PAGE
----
by Brandon Turbeville
February 11, 2012
Only a few days ago, I wrote an article entitled “Merging
Man and Machine - Singularity vs. Humanity,” where I
discussed the growing
Singularity movement and its implications for
humanity as we know it.
At the center of this article was the announcement by researchers at
the University of California that scientists are now able to
translate human speech into computer-generated signals which are
then fed back to human brains as human speech.
While this may seem like groundbreaking news to some, the University
of California is by no means the only institution working on such
technology. Nor is it the only institution experiencing success in
In an article published in the Daily Mail entitled, “The
cyborgs are coming! Living brains implanted with electronic chips to
replace ‘faulty’ parts,” Rob Waugh discusses
successful developments made by researchers at Tel Aviv University
in regards to their ability to create and install computer circuits
into brains that can replace and control motor functions.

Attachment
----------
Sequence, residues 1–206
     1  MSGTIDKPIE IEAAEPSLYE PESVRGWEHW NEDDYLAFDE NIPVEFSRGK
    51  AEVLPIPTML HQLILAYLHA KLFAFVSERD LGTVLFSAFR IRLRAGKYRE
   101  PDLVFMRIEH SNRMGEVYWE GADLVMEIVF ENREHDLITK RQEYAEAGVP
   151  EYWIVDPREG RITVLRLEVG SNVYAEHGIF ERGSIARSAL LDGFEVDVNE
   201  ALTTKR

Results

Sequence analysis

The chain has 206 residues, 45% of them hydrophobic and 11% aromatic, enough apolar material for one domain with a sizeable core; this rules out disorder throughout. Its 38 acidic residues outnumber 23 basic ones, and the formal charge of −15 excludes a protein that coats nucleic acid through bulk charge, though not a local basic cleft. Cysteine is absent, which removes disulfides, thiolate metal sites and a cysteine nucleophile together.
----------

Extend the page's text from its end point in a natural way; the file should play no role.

Under the guise of developing technology that could possibly aid
individuals suffering from Parkinson’s disease, Tel Aviv researchers
have essentially created circuitry that can replace basic motor
functions such as blinking, and have
implanted these circuits into
The circuits are tied together in such a way that they act as what
Waugh describes as a “robotic cerebellum;” the area of the brain
responsible for the coordination of movement.
After being wired to
the brain, the robotic cerebellum,
“receives, interprets, and transmits
sensory information from the brain stem, facilitating
communication between the brain and body.”
As is the case in much of the
tech-related developments I have had the
opportunity to research,
the robotic cerebellum is not something that will be coming in the
It is already here.
Indeed, Professor Matti Mintz and other Tel Aviv researchers
have already successfully
implanted a robotic cerebellum into a
brain-damaged rat, “restoring its capacity for movement” and